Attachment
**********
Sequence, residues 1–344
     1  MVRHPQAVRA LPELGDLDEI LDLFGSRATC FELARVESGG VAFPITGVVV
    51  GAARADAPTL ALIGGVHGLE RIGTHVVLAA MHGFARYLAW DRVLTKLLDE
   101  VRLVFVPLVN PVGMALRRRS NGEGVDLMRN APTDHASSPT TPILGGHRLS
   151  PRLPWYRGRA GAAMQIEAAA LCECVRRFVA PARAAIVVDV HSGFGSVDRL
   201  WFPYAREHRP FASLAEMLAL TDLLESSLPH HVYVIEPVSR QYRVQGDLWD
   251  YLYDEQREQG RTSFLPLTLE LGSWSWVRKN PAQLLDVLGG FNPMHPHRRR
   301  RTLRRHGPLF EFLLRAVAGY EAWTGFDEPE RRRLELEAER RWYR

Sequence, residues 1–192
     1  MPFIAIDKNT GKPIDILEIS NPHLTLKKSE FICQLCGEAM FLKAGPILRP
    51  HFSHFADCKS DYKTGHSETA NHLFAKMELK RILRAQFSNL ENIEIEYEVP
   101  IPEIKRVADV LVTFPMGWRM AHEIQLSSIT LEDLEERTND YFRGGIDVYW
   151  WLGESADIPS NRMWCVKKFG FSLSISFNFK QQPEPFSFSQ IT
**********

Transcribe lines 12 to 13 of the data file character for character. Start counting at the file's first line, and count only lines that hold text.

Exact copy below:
   101  IPEIKRVADV LVTFPMGWRM AHEIQLSSIT LEDLEERTND YFRGGIDVYW
   151  WLGESADIPS NRMWCVKKFG FSLSISFNFK QQPEPFSFSQ IT